Objectives: Light and food are important synchronizers of circadian rhythmicity. In eating disorders, the circadian rhythms of food intake and temperature are abnormal.
Methods: We analyzed the effect of the morning light application on the circadian rhythm of tympanic temperature and its association with hunger and mood changes in the sample of 25 female patients hospitalized with DSM-IV diagnosis of eating disorders (14 bulimia nervosa and 11 anorexia nervosa) and in 6 healthy women.
Results: Light therapy reduced interindividual variability of the temperature acrophase, synchronized the temperature and hunger rhythms and showed an antidepressant effect on patients with eating disorders. Bright light therapy normalized the circadian rhythm of body temperature in both anorexic and bulimic patients: phase advanced rhythm was delayed and phase delayed rhythm was advanced. In contrast with anorexic patients, the majority of bulimic patients had normal temperature rhythm before the therapy and this rhythm was not changed by the therapy.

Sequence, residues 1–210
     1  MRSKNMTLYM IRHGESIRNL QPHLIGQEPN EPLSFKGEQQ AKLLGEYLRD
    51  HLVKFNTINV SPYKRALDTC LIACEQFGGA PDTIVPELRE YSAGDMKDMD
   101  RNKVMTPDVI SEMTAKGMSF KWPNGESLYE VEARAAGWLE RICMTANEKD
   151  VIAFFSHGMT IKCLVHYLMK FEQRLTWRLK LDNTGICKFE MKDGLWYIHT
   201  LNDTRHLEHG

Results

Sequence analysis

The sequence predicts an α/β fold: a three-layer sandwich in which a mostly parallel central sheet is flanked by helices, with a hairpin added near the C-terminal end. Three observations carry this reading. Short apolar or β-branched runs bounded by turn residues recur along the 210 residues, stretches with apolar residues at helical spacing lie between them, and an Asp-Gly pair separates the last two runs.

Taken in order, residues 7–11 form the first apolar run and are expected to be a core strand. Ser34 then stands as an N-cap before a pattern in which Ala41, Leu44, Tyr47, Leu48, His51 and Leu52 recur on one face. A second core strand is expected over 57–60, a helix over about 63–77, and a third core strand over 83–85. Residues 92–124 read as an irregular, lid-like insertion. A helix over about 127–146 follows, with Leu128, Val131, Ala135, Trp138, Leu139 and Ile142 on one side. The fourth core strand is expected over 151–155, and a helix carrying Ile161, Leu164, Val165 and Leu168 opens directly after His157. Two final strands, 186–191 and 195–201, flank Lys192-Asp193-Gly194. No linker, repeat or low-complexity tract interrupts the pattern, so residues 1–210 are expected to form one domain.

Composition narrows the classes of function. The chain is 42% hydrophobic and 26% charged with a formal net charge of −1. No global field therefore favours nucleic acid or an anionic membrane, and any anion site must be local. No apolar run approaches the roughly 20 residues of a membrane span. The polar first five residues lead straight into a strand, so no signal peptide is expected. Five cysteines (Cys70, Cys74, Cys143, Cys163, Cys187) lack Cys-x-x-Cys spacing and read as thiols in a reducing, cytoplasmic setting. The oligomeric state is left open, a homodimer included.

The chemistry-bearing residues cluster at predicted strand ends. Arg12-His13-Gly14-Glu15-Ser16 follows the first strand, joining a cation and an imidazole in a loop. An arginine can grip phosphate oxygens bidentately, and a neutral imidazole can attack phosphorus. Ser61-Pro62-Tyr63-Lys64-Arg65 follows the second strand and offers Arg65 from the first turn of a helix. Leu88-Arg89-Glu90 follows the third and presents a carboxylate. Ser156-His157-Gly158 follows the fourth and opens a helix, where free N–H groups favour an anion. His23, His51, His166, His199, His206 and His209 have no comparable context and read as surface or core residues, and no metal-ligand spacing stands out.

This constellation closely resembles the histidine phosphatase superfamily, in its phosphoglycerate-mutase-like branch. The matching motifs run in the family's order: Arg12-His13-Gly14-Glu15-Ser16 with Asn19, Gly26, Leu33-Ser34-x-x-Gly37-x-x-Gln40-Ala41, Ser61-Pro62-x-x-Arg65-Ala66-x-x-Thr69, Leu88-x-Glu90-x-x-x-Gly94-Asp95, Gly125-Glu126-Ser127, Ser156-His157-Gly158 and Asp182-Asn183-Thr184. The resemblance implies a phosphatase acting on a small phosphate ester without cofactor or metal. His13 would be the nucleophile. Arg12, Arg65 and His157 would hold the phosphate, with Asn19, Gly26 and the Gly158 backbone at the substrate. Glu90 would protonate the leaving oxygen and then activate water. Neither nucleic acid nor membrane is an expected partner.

Conclusion: The light therapy normalized temperature circadian rhythm in patient with eating disorders. We hypothesize that the light therapy can also contribute to improvement of pathological eating pattern because of the functional connections between light and food entrained oscillators. The light may help to restore the irregular circadian rhythmicity induced by chaotic food intake.